The Few: Battle of Britain Aircrew

During the Battle of Britain, the defence of Britain depended heavily on the courage of fewer than 3,000 British & Allied aircrew. Had the battles not been won in the skies above Britain, invasion by Nazi Germany would have been likely.

‘Never in the field of human conflict has so much been owed by so many to so few’.
British Prime Minister, Winston Churchill

Bentley Priory Museum tells the important and moving stories of ‘The Few’, through the display of photographs, medals and artefacts relating to the aircrew, including log-books.

During the Battle of Britain, sixteen different nationalities flew and fought together against the German Luftwaffe.  This diversity is represented in the Museum’s displays.

Aircrew Database

Visitors answering questions on the interactive quiz A database of Battle of Britain aircrew is available to explore at the Museum, with a short biography and photographs for each individual who took part in the Battle of Britain.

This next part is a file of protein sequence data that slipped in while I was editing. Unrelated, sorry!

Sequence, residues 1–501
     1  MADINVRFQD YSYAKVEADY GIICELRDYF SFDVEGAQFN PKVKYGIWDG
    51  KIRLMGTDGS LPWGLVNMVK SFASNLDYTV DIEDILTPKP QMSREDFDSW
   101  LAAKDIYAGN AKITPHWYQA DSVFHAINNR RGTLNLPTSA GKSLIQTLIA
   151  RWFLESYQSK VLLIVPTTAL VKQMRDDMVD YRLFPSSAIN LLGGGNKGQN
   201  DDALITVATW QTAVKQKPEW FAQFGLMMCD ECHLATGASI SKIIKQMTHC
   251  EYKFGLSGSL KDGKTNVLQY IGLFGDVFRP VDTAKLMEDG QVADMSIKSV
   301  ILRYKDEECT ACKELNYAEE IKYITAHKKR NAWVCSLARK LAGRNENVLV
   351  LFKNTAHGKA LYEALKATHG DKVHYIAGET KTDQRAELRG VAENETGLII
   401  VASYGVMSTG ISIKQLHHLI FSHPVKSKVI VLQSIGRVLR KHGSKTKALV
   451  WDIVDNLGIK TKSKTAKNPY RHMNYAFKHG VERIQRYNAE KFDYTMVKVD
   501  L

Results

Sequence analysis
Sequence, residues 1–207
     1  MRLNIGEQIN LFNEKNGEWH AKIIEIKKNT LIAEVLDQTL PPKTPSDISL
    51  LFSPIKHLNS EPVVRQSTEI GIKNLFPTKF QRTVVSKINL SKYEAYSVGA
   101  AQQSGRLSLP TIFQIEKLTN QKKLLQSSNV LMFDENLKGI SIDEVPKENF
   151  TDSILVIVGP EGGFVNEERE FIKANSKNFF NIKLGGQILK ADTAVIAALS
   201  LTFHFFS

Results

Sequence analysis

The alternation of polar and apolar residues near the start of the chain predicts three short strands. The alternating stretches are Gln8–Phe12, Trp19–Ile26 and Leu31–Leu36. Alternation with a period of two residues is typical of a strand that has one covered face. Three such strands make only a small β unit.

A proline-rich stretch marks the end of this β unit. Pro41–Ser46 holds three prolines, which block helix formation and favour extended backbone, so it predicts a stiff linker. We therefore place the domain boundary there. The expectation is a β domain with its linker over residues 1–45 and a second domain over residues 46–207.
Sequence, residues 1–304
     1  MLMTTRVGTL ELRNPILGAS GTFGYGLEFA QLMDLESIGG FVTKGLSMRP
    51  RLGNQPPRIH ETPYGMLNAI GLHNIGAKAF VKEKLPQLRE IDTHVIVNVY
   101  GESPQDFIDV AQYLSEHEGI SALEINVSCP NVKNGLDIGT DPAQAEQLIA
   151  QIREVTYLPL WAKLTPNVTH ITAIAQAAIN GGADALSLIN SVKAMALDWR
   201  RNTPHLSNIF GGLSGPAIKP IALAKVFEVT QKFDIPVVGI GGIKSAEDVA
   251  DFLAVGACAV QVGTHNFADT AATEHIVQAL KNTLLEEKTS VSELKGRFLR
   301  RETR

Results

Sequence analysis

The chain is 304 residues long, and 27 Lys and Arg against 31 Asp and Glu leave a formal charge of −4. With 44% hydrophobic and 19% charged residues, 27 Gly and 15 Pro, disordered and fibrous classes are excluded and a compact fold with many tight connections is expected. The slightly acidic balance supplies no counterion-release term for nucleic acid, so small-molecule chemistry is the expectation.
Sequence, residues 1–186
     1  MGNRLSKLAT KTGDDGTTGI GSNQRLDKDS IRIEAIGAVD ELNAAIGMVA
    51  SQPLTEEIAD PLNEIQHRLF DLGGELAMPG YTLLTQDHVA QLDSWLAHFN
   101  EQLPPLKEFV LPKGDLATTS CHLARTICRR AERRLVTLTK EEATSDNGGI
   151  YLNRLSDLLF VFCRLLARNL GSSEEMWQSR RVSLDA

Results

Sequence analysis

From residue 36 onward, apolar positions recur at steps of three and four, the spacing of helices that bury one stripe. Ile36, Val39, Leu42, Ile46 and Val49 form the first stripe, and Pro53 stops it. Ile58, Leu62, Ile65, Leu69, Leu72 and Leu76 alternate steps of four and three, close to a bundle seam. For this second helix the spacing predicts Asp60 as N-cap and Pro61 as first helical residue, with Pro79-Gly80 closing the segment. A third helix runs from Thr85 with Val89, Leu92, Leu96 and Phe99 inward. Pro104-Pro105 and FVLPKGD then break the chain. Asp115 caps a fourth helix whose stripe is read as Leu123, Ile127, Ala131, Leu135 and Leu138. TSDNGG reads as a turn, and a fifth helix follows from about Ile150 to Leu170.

The Few & Bentley Priory 

2012 Battle of Britain Commemorative Dinner at Bentley Priory
2012 Battle of Britain Commemorative Dinner at Bentley Priory

Annual dinners for Battle of Britain veterans were held at Bentley Priory, until 2010, when the renovation work at Bentley Priory proved too dangerous for the dinner to be held.

The Story of The Few: Battle of Britain Lace Panel

Photograph of The Battle of Britain Lace Panel, taken from the Grand Staircase at Bentley Priory MuseumThe story of the Battle of Britain and ‘The Few’ is further told at the Museum through its largest artefact on display, the Battle of Britain Lace Panel.

The panel depicts important Battle of Britain scenes, from the German bombing of London, to the aircraft, pilots and Allied Nations which fought. The panels were presented to individuals, organisations and places with significant connections to the Battle of Britain, including Bentley Priory.

Guided by photographs of the Battle of Britain, the panels took 2 years to design. 40,000 individually punched cards were used to create the jacquard for the pattern, and 26,000 miles of Egyptian cotton was used for each panel.